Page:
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3900x bottleneck Vega 64?

Jrbarnes729
  • 10 months ago

Will there be must of a bottleneck? or should i go with a 3700x

Planning on upgrading my GPU sometime next year.

Comments

  • 10 months ago
  • 3 points

If you already have the 3900X,why don't you stick with it,since you plan on upgrading the GPU anyways ? If not,I will get the 3700X and use the extra funds towards the new GPU,that is if funds are tight.

  • 10 months ago
  • 2 points

Depends on resolution and games in question. At 1080p and 1440p you should be mostly fine.

  • 10 months ago
  • 1 point

I will be getting the Ryzen chip sometime next week. I am playing at 1080p atm, upgrading to a 1440p monitor next year.

My 4790k is starting to show its age and needs replaced unfortunately :(

The new chip will be used for gaming and workloads

  • 10 months ago
  • 1 point

As a frame of reference, The Bottlenecker calculator shows a 6.7% bottleneck difference between a 2700X and a Vega 64 at Stock, but their calculations also typically assume stock clocks, and 1080p gaming. I find from my own experience, at higher resolutions, you'd want the GPU to be notably higher than the CPU, since typically the CPU isn't performing as much work as the GPU in that regard.

A Ryzen 3900X, should be considerably faster just on the cores.

  • 10 months ago
  • 1 point

On my current 4790k system, my games run very smooth with good fps most of the time at 1080p. That is with a 8.4% bottleneck between the 4790k and Vega 64. Hope to see an improvement in 1% lows with the new Ryzen chips though.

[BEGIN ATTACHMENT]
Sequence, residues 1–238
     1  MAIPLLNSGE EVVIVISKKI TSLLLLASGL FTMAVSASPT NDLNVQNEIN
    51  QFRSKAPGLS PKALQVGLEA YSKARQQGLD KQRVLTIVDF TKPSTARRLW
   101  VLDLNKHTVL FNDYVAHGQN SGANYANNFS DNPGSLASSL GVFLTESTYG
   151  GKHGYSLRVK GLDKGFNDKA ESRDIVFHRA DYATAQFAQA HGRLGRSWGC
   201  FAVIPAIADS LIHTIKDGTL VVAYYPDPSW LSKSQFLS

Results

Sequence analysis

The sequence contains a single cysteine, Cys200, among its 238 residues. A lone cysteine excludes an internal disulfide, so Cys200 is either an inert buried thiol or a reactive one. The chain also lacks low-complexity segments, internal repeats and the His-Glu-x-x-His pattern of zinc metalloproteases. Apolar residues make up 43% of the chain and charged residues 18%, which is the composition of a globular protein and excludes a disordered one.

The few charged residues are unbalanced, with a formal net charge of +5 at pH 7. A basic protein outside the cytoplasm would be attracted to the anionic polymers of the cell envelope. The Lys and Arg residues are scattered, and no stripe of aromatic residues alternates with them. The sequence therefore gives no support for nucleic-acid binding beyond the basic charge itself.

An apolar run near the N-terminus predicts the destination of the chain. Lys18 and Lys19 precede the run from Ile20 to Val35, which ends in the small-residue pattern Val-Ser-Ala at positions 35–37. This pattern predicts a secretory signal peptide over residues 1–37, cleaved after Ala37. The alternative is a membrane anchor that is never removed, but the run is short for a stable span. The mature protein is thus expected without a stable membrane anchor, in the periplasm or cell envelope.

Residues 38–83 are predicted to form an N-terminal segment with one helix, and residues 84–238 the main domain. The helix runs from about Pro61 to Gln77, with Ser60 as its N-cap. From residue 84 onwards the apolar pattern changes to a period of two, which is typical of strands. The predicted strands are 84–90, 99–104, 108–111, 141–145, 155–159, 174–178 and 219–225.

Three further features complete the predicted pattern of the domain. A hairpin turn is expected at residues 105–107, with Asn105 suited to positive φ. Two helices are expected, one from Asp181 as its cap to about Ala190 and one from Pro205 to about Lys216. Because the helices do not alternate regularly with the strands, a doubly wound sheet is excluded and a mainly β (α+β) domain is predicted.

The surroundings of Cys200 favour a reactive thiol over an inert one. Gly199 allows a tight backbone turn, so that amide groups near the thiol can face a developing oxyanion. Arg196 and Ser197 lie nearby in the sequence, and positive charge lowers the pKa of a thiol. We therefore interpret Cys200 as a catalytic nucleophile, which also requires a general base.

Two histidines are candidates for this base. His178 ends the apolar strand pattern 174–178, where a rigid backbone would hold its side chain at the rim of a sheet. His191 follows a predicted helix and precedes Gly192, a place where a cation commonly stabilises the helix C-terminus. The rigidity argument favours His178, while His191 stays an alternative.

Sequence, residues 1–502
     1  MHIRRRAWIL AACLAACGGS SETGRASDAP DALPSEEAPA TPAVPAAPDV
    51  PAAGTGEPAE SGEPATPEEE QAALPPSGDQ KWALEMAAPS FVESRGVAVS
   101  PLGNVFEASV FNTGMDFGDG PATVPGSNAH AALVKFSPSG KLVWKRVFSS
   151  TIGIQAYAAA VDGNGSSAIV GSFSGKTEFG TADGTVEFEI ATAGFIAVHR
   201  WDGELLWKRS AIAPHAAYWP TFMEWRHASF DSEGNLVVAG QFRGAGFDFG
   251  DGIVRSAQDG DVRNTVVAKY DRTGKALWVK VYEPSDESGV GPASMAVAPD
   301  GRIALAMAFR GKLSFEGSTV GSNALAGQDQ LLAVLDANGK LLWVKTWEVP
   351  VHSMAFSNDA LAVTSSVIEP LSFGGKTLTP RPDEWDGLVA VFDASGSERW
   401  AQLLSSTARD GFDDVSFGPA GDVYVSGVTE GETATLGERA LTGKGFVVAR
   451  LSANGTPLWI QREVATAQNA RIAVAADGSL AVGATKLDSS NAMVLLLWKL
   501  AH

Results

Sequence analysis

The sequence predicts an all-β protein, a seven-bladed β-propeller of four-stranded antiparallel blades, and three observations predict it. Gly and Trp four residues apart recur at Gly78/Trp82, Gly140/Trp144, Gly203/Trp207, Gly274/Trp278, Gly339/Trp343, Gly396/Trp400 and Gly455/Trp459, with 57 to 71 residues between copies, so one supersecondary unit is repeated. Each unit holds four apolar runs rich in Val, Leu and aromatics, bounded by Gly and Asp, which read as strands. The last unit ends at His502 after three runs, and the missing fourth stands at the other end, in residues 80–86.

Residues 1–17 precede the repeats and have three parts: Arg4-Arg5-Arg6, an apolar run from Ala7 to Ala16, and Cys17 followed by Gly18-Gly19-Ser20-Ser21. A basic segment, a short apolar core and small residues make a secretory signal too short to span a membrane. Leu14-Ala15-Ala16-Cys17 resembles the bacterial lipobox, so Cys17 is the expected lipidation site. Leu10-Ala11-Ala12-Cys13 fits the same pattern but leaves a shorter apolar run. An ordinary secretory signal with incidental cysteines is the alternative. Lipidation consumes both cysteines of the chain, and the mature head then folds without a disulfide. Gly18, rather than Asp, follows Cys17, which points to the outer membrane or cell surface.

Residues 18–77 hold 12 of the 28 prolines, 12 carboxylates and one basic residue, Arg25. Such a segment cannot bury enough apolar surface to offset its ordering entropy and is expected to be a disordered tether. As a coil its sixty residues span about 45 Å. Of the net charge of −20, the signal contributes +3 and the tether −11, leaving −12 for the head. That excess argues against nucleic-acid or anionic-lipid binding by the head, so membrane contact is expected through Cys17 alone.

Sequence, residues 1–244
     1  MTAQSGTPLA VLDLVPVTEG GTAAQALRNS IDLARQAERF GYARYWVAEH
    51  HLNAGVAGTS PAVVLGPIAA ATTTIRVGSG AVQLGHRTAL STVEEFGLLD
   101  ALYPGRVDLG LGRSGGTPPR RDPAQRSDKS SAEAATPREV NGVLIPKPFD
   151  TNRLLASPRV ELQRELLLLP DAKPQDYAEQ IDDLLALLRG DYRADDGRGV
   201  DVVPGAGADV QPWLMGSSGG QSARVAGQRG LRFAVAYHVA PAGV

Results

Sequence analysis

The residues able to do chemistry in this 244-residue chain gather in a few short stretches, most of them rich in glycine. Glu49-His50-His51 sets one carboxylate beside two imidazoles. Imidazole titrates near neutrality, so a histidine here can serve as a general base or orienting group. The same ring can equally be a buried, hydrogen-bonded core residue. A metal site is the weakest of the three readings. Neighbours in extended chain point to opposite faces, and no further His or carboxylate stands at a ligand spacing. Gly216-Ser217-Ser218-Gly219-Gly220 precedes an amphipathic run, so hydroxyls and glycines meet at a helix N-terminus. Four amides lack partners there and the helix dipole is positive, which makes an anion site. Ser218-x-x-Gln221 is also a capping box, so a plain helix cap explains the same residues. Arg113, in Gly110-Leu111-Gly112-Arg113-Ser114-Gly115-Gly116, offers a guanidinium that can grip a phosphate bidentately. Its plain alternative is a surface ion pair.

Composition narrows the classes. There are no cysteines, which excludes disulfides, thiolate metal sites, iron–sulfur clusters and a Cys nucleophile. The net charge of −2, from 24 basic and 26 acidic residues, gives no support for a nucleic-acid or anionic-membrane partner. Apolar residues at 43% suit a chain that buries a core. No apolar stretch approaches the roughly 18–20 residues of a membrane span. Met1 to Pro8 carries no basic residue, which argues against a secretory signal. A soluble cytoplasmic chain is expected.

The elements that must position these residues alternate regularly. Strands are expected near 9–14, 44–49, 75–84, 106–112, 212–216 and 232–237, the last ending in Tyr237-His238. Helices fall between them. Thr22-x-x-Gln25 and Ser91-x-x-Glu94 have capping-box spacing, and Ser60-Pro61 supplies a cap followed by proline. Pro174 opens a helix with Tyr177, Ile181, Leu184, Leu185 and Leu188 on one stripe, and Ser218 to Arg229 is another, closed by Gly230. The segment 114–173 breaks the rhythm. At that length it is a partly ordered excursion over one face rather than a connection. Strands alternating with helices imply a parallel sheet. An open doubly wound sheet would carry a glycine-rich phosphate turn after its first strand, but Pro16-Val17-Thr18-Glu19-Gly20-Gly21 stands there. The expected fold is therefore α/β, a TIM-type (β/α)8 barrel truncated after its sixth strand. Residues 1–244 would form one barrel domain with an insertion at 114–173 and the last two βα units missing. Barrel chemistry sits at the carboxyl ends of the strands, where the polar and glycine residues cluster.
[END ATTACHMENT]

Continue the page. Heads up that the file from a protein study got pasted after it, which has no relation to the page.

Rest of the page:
The 4790k struggles at times with some of the work loads i do. I would be happy with similar gaming performance and a massive increase in workload performance.

Thanks for the advice, I will take that on board when upgrading to a better GPU and monitor in the future

[comment deleted]
  • 10 months ago
  • 2 points

Hopefully AMD release higher end Navi cards by the time i upgrade my Vega 64.

The 5700 XT is an awesome card though.

Thanks all for the advice.

[comment deleted]
[comment deleted]
  • 10 months ago
  • 1 point

I think the problem lies in the developers (more specifically the graphics engine developers) not designing with SLI/Crossfire in mind than any issue with the number of users. And it probably works out that designing around SLI/Crossfire means losing too much (even 1%) in the common "non SLI/Crossfire" case that they were never going to consider it in the first place.

Considering that modern GPUs tend to render in small tiles it is really strange that SLI/Crossfire didn't take off [again]. But I guess the devil is always in the details, and too much information had to keep crossing the PCIe bus.

https://www.realworldtech.com/tile-based-rasterization-nvidia-gpus/

[comment deleted]
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